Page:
The second of these films was nearly as well done as SILENCE… and even darker in tone. David Fincher’s SE7EN ~aka~ SEVEN, starring Morgan Freeman, Kevin Spacey, and Brad Pitt, is a tremendously effective and suspenseful blend of mystery, thriller, and horror; an intelligent film that doesn’t shy away from the gore. Once again, superb performances elevated this film far above the standard genre fare, particularly Spacey’s as the mysterious killer.
The torture genre got another boost in 1999, when a cult film from Japan would take the gore to an entirely new level, becoming the first legitimate film worthy of the “Torture-Porn” sobriquet. ÔDISHON ~aka~ AUDITION, directed by Takashi Miike, is a difficult film to watch: viscerally disturbing and emotionally draining. It’s also a very effective example of it’s type, and prime evidence of why Miike is so highly regarded, both in his native Japan and abroad. The plot involves a widower who decides to audition prospective brides. The one he selects has something special in mind for him, though, and what results is definitely not for the squeamish.
RESURRECTION, an often-overlooked film from Russell Mulcahy, was another 1999 release, and was little more than a rehashed SE7EN. Still, the quality of the production as a whole was high, and Christopher Lambert does an atypically good job with the material he’s given.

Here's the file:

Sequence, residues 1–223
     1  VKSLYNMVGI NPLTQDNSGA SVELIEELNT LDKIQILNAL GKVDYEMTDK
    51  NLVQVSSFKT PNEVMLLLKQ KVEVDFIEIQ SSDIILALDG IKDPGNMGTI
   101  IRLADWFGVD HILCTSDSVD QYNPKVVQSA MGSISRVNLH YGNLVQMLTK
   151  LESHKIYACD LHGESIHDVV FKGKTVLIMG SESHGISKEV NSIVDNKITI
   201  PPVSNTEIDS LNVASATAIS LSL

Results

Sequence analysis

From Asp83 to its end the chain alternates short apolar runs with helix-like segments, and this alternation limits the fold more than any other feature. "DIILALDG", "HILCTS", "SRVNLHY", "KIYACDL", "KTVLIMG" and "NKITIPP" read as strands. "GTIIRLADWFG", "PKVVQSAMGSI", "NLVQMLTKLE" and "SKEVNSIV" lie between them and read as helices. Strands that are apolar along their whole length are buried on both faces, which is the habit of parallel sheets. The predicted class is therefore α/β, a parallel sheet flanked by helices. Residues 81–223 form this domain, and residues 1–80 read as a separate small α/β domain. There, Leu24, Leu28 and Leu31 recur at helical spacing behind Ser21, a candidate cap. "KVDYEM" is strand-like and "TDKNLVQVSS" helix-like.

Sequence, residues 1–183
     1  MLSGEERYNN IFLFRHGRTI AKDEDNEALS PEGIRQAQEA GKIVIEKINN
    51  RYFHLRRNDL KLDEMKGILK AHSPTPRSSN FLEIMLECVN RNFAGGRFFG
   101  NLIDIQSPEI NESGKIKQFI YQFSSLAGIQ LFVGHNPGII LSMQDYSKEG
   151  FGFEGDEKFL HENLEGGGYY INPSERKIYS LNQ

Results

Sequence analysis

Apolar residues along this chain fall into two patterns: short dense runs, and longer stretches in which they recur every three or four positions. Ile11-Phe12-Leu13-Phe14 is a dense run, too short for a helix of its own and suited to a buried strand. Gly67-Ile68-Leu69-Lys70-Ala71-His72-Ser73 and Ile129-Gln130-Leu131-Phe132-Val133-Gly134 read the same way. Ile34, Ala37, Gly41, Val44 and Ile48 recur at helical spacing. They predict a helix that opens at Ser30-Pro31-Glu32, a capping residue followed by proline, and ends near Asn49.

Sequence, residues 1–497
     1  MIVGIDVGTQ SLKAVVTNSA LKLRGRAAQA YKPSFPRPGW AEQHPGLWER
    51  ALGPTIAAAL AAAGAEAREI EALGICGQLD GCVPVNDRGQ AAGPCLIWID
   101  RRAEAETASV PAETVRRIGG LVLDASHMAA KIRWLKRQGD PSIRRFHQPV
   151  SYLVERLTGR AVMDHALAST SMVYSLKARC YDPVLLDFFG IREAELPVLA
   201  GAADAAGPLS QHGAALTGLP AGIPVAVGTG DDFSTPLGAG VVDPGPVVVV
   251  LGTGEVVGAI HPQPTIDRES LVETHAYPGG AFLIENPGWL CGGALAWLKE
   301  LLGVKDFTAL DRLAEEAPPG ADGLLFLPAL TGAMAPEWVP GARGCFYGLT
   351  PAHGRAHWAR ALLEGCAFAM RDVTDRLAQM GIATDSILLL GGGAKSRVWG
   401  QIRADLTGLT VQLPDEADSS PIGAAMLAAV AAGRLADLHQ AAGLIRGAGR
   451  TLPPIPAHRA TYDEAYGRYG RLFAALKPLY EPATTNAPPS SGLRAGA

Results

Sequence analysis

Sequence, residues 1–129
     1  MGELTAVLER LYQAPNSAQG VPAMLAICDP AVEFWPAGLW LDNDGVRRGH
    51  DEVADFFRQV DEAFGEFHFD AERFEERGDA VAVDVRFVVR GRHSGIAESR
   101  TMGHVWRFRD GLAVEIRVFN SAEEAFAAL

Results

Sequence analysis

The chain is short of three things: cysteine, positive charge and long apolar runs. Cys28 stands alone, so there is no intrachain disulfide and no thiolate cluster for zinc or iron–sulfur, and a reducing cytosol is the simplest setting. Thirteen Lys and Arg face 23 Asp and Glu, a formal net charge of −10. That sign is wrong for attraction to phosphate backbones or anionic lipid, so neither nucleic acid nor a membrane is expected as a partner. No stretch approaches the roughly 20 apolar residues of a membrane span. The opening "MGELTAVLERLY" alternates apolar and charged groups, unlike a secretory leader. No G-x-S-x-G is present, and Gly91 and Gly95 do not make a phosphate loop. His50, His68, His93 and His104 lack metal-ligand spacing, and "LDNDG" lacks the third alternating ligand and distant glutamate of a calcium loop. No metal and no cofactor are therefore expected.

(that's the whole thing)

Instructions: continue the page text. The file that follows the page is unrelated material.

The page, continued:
Over the next few years there were occasional entries in the torture genre, and films such as ANATOMIE ~aka~ ANATOMY, JOY RIDE, and MAY were well-received, though not financially successful. It would take the debut film from a hard-core heavy metal rocker to break the grip of the “Dawson’s Creek meets Freddy Krueger” genre first popularized by SCREAM in 1996. 2003’s HOUSE OF 1000 CORPSES, by first-time director Rob Zombie, was conceived as a throwback to the grindhouse films of the ‘70’s, such as LAST HOUSE ON THE LEFT and TEXAS CHAIN SAW MASSACRE, and as such was a labor of love for Zombie. Following Universal’s refusal to distribute the film without some rather drastic cuts, Zombie purchased the film outright, and began shopping it around. Lion’s Gate Films, a Canadian producer-distributor with a penchant for supporting high-quality independent films, especially genre films, picked it up and gave it nationwide distribution, backed up by an aggressive marketing campaign. The movie was both a critical and financial winner, putting the final stake in the heart of the “Buffy-ized” style of horror that characterized the second half of the 1990’s and first few years of the new millenium.